Fundraisers were important since the local Committee was expected to supply transportation around the county for the many state speakers; rent had to be paid for event venues and fair booths. Large quantities of literature purchased from state headquarters were distributed, for example, 12,000 pieces during York Fair week. They bought fans, pins, whistles, buttons, napkins, pencils, pennants, hat bands, balloons and other novelties for resale. Mrs. McClean Stock and Mrs. A. H. Hayward were in charge of a community junk day for collection and sale of old papers, magazines, iron, zinc and rubber. A community tea with speeches, songs, skits and 24 girls and boys performing a lawn maypole dance was held at the Out Door Club at Madison and Belvidere. They organized an outdoor picnic conference at McClellan Heights off County Club Road. The suffragists also engaged a New York theater troupe, the Ben Greet Players, to perform “A Midsummer Night’s Dream” on Mrs. Annie McConkey’s lawn. Local girls took the parts of fairies and the suffrage committee ushered.
Women worked tirelessly throughout the county. For example, Elizabeth Hawkins managed the southeastern part of the county from her Delta home, and in the summer from their farm, which did not even have a telephone. Still, she organized suffrage activities at the Pen-Mar Agricultural Fair (Fawn Grove) and hosted state speakers.
The African American community was very supportive. Gamble and Myra Manifold were invited to speak at a People’s Forum held at A.M.E. Zion Church on East King Street. Alice Moore Dunbar, widow of famous African American poet Paul Dunbar was scheduled to speak for suffrage at the courthouse right before the crucial November election. Mrs. Dunbar had spoken here on behalf of suffrage several times previously. On an earlier visit she organized a sub-committee of local African American women, chaired by Mrs. Ethel Armstrong, as part of the York County Woman Suffrage committee. That committee was in charge of the important election eve event.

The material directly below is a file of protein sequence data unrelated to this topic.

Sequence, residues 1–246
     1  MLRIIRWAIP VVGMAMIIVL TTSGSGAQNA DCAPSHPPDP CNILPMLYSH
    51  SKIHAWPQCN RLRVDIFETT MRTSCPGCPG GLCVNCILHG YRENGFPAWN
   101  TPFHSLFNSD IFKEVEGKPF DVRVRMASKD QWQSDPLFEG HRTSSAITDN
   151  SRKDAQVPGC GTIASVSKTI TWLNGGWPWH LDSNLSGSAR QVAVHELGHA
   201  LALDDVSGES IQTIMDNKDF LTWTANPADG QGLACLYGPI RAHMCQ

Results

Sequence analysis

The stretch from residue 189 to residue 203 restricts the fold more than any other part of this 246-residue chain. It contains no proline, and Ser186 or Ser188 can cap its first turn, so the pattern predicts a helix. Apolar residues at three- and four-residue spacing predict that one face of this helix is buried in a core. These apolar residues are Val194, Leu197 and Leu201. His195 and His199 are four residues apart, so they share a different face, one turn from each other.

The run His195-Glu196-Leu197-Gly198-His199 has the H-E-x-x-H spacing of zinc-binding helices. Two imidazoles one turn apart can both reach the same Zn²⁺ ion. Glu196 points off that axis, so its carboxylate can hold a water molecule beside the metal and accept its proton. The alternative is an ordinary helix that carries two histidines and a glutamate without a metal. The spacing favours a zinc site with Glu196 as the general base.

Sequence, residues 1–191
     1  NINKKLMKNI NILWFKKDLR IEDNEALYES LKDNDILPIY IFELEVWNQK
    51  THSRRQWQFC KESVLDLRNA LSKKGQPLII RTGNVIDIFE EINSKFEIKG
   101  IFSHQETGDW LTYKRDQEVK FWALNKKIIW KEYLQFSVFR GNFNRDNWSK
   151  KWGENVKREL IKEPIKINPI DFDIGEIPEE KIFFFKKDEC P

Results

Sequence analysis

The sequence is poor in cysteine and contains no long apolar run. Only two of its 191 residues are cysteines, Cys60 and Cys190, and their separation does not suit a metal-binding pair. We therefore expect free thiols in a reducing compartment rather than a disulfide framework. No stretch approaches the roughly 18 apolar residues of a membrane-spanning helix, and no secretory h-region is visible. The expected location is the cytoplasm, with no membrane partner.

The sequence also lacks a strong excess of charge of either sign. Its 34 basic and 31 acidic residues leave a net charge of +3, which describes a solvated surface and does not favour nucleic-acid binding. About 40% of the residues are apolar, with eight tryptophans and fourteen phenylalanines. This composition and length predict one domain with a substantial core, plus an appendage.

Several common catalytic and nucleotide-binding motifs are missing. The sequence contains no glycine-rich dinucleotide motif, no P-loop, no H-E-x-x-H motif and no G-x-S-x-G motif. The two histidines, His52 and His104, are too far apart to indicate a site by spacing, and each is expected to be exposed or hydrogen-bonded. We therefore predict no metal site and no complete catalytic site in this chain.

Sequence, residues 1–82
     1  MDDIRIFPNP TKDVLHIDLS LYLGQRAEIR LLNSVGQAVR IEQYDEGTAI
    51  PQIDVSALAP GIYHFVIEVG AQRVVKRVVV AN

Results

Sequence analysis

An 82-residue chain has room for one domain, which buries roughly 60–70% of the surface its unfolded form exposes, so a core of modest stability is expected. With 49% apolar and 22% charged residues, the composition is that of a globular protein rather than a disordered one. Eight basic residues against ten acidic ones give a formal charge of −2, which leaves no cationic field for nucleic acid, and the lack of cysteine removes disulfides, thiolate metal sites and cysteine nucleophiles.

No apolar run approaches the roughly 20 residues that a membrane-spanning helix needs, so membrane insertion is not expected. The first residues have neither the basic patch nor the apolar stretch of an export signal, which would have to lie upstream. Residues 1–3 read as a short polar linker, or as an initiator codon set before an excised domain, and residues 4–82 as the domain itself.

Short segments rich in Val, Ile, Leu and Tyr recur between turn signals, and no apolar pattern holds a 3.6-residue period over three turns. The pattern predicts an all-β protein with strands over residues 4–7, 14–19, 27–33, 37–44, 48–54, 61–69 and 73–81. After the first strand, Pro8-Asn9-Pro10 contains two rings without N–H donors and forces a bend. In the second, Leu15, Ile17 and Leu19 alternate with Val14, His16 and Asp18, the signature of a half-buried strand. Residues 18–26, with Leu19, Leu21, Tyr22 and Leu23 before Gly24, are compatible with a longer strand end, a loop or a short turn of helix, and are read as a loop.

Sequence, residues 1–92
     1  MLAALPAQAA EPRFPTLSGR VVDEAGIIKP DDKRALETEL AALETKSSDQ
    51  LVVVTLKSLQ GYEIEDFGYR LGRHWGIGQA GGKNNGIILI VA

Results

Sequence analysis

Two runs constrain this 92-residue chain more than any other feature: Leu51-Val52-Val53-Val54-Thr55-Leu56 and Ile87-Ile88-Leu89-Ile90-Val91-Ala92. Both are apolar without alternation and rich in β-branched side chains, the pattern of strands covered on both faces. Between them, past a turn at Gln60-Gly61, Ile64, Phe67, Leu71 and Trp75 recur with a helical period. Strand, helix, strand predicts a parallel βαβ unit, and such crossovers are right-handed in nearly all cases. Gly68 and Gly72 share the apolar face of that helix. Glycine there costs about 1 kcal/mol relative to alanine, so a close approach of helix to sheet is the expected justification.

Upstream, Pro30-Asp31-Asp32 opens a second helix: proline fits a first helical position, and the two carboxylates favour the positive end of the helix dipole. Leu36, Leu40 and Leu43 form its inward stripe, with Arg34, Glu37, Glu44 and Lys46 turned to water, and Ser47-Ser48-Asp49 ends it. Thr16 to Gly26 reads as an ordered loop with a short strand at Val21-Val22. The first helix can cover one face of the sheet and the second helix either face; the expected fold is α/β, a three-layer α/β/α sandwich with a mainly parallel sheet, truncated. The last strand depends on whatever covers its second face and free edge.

Many men supported woman suffrage. The Pennsylvania en’s League for Woman Suffrage provided the York County women with a long typed list of York County men, annotated as to what they were willing to do, such as “Will Parade” “Distribute Literature” “Help organize” and “Watch.” The women were not allowed to be watchers at the polls to guard against improprieties. Local members of the Men’s League then vowed to attempt to have watchers at every voting place in the county “pledged to see women get fair play.” The men also called in results from each polling place to headquarters at Gamble’s York home.
The YCHC files report the November 2 vote in York County was Yes–6,278, No–11,556, for a plurality of 5,278 against passage of the Pennsylvania Constitutional Amendment. Ten districts carried for suffrage: First district of Fawn Township; Lower Chanceford, Peach Bottom, Cross Roads, Delta, Fawn Grove, Lewisberry and Stewartstown; Fifth precinct of Wellsville and Ninth ward and First district of the 11th ward in York. The vote was close in some districts of Fairview Township, West Manchester Township, York New Salem and a few of York City’s other Wards.
Gamble said that male illiteracy in York was “enormous,” so many men just voted as they were told. Gamble also stressed that women, and those men that supported woman suffrage, were not going to give up. The question also failed in the three other states. Focus then shifted to amending the U.S. Constitution. That 19th Amendment was passed by Congress June 4, 1919 and ratified by the necessary three-fourths of the states on August 18, 1920. Finally, on November 2, 1920 all women across America could vote.
Here is a link to my follow up post on local suffragists, the Munchel sisters.